People across the UK are being encouraged to take part in a Stand Up to Racism campaign today (3 June), following the recent killing of African American man, George Floyd.
The protest has been organised following global outrage after the unarmed 46-year-old black man died last week while in police custody in Minneapolis.
What is ‘take the knee’?
The anti-racism campaign group is urging Brits to ‘take the knee’ - or kneel down - on their doorsteps on Wednesday 3 June in solidarity with those who are protesting in the US.
Riots and demonstrations have broken out across the world following the death of Floyd, who died after police officer Derek Chauvin held him down by pressing a knee into his neck for 8 minutes and 46 seconds.
Stand Up to Racism (SUTR) has organised the protest to take place at 6pm on Wednesday 3 June, as part of a day of action against discrimination.
The campaign was inspired by the kneeling protest staged by American football star Colin Kaepernick in 2016, that has since become synonymous with the Black Lives Matter movement.
A separate protest has also been organised in Hyde Park in London at 1pm, along with a further demonstration at 1pm on Saturday 6 June in Parliament Square.
The show of solidarity comes after thousands of people gathered outside St George’s Hall in Liverpool on Tuesday (2 June), as part of a separate Black Lives Matter protest.
While Merseyside Police recognised people have a right to demonstrate peacefully, the force said in a tweet that protesters should still adhere to social distancing guidelines.
Are BAME communities at risk?
The protests against black discrimination come as a review by Public Health England (PHE) found that black, Asian and minority ethnic (BAME) people are significantly higher risk of dying from coronavirus.
Campaigners are now calling for a public inquiry into the disproportionate impact of coronavirus on BAME communities.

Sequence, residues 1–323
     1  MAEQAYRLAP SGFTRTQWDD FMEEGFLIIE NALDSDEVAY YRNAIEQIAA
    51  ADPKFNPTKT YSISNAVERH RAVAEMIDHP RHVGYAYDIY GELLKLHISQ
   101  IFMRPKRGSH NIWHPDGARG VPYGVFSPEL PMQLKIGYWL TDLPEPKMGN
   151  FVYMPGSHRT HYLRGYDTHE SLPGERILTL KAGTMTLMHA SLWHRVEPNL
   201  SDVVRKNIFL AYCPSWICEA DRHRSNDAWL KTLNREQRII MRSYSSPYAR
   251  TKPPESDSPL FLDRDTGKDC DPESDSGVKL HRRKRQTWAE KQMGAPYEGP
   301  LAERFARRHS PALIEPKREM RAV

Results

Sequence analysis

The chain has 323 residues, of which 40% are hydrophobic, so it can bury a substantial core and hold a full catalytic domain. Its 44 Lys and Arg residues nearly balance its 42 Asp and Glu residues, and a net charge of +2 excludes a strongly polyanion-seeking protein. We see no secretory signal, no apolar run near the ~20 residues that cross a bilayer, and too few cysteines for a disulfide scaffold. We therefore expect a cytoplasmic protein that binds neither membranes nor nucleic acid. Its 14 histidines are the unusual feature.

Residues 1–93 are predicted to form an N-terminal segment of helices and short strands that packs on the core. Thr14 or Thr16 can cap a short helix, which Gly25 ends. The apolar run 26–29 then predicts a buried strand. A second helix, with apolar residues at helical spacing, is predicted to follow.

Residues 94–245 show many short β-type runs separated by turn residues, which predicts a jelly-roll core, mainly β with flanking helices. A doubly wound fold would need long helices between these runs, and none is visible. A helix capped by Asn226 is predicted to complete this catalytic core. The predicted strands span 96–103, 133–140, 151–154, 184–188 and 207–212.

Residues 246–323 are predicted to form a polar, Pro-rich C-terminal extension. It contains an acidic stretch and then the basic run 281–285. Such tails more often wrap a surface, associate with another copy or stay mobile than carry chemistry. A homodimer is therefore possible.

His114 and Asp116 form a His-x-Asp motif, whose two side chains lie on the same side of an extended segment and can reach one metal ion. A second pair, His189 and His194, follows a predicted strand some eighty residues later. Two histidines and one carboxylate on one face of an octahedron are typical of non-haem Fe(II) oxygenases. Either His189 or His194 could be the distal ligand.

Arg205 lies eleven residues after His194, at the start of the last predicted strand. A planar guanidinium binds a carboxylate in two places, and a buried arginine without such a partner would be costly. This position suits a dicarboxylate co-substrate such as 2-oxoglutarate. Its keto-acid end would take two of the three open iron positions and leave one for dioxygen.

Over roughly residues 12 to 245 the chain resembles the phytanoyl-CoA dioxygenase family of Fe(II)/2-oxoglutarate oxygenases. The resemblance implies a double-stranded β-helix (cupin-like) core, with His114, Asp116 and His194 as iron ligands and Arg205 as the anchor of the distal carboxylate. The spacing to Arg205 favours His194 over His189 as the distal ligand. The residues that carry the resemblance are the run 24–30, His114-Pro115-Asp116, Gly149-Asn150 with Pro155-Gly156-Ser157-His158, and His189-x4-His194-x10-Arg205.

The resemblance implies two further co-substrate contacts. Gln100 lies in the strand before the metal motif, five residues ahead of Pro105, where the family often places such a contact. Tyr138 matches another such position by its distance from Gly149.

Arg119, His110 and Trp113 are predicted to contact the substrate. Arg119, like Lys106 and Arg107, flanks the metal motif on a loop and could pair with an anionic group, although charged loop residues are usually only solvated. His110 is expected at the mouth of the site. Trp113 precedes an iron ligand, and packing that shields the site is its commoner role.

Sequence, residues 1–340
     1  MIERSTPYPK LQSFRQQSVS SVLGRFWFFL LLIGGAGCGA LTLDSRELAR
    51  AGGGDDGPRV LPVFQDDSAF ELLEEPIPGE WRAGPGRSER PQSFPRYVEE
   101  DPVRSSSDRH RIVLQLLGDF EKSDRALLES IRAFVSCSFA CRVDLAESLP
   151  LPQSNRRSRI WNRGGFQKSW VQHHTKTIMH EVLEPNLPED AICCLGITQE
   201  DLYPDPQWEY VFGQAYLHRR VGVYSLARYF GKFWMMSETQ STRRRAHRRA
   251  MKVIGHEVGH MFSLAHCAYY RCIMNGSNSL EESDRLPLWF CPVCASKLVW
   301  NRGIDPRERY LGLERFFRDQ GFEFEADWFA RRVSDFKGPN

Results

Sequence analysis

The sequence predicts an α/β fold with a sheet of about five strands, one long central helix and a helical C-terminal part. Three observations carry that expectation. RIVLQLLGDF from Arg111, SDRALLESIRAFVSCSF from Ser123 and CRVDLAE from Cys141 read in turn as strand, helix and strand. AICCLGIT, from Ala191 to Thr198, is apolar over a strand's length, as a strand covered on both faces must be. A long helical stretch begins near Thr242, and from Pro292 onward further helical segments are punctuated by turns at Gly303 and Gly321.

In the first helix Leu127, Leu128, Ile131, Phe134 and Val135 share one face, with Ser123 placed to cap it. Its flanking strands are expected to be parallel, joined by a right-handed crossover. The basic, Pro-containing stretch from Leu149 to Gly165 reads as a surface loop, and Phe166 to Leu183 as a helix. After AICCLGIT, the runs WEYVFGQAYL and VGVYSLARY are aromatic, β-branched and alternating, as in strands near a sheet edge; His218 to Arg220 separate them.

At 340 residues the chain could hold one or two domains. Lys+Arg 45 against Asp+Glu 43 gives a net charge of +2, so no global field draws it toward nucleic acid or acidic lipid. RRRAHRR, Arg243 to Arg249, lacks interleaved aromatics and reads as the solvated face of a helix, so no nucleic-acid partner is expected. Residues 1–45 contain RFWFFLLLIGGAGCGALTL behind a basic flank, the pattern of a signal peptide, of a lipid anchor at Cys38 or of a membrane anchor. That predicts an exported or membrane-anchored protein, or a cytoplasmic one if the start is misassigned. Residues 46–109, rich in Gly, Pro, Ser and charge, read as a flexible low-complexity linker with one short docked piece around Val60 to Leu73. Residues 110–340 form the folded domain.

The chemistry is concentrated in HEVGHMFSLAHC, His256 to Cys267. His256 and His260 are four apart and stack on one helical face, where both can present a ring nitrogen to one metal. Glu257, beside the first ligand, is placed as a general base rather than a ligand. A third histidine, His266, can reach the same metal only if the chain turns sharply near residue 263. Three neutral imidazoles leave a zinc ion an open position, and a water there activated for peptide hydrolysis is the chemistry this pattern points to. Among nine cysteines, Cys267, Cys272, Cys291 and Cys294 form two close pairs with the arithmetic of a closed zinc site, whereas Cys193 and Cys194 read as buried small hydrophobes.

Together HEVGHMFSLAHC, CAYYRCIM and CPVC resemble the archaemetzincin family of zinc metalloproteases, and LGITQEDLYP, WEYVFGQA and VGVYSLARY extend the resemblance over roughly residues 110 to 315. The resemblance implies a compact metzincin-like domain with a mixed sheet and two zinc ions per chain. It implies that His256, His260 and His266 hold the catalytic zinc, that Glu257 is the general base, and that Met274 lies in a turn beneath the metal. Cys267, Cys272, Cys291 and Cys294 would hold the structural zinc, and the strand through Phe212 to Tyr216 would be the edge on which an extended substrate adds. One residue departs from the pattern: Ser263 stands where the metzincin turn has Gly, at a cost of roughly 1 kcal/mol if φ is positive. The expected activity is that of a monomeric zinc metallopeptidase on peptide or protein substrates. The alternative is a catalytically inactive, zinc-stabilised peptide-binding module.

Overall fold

Weyman Bennett of SUTR said: "Racism is the underlying condition that continues to kill black and BAME communities.
"Take the knee at 6pm because there is a boot on the neck of millions of people in the BAME community.
"Part of the cure for the virus of racism is to embrace anti-racism and anti-fascism."
SUTR's Sabby Dhalu added that BAME communities are “suffering disproportionately”, not only from coronavirus, but from economic decline and police brutality as well.
Scottish First Minister Nicola Sturgeon asked protestors on Tuesday (2 June) to find an alternative to physical demonstrations.
At her daily briefing in Edinburgh, she said: “Right now, it is the case, unfortunately and regrettably, that large gatherings of people could pose a risk to health and indeed to life.
"We need to find ways of allowing people to make their voices heard and to make the points that many of us want to be made and to be heard right now, but to do so in a way that is safe and is not putting people protesting or wider communities at risk."
While large gatherings still remain banned under lockdown rules, the campaign group is instead calling on people to ‘take the knee’ on their doorstep at 6pm on Wednesday 3 June, in solidarity with George Floyd.